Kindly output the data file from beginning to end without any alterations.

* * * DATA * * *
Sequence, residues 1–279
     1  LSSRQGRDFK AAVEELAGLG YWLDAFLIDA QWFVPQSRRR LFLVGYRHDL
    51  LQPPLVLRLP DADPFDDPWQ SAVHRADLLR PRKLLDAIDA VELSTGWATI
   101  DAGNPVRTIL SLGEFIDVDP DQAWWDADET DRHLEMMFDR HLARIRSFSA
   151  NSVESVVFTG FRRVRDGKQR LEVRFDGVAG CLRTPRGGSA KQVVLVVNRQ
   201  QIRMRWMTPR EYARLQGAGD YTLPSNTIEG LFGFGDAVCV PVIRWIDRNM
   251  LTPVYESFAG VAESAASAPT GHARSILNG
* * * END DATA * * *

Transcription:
Sequence, residues 1–279
     1  LSSRQGRDFK AAVEELAGLG YWLDAFLIDA QWFVPQSRRR LFLVGYRHDL
    51  LQPPLVLRLP DADPFDDPWQ SAVHRADLLR PRKLLDAIDA VELSTGWATI
   101  DAGNPVRTIL SLGEFIDVDP DQAWWDADET DRHLEMMFDR HLARIRSFSA
   151  NSVESVVFTG FRRVRDGKQR LEVRFDGVAG CLRTPRGGSA KQVVLVVNRQ
   201  QIRMRWMTPR EYARLQGAGD YTLPSNTIEG LFGFGDAVCV PVIRWIDRNM
   251  LTPVYESFAG VAESAASAPT GHARSILNG